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Two people looking at computers with brain images with an imaging equipment room in the background.
Figure 16.1 The etiology of psychological and mental health disorders can be multifaceted, ranging from genetic and biological to environmental; often, specific causes are a combination of the types of factors or remain a mystery. (credit: “National Nurses Week: Capt. Stephanie Smiddy” by Staff Sgt. Shane Hughes/Air Force Medical Service, Public Domain)

Health-care professionals will come in contact with clients who have been diagnosed with a variety of mental health conditions, including mood disorders. Normal mood variations are transient and can be linked to specific events or circumstances, such as feeling elated after receiving good news or feeling sad after a disappointment. These feelings usually do not impair daily functioning and are generally short-lived (American Psychiatric Association, 2022). A mood disorder, on the other hand, involves disturbances in a person’s emotional state that are intense, long-lasting, and not necessarily tied to any specific event or situation. These disturbances can significantly impair a person’s ability to function socially, occupationally, or academically (American Psychiatric Association, 2022).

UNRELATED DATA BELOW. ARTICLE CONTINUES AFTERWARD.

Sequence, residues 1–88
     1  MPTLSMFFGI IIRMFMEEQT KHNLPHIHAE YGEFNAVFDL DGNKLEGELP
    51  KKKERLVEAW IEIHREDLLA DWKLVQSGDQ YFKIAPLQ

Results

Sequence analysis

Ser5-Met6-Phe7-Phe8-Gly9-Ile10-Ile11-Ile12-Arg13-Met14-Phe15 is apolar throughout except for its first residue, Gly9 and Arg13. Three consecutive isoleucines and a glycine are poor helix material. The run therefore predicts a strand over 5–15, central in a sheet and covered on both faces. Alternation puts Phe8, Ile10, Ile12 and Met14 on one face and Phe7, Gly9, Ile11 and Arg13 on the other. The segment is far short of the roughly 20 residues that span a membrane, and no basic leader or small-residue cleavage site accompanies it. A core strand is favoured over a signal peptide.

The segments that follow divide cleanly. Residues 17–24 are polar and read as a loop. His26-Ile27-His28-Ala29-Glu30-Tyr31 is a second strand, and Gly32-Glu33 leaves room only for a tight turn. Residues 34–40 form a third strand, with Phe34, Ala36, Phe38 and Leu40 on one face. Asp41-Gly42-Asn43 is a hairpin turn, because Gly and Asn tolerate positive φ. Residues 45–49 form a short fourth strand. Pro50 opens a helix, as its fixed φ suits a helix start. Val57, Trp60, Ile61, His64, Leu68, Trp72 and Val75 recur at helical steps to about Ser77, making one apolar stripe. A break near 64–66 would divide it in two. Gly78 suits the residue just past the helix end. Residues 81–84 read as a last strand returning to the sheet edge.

In recent years, there has been increasing recognition and discussion of a spectrum approach to understanding mood disorders. This perspective suggests that mood disorders exist on a continuum. According to this perspective, mood disorders are not discrete, isolated conditions but feature a range of overlapping symptoms, severity, and functional impairments (Paris, 2014). This model suggests that clients may not neatly fit into the traditional categories as defined by the Diagnostic and Statistical Manual of Mental Disorders. For example, some individuals may experience symptoms that do not meet the full criteria for a depressive disorder but still suffer significant distress or impairment in daily functioning (American Psychiatric Association, 2022).

Nursing care is crucial in treating and managing mood disorders. Nurses play a vital role in monitoring clients’ responses to treatment, managing side effects, providing client and family education, and offering emotional support. It is essential to remember that these disorders are typically chronic, requiring ongoing care and management.


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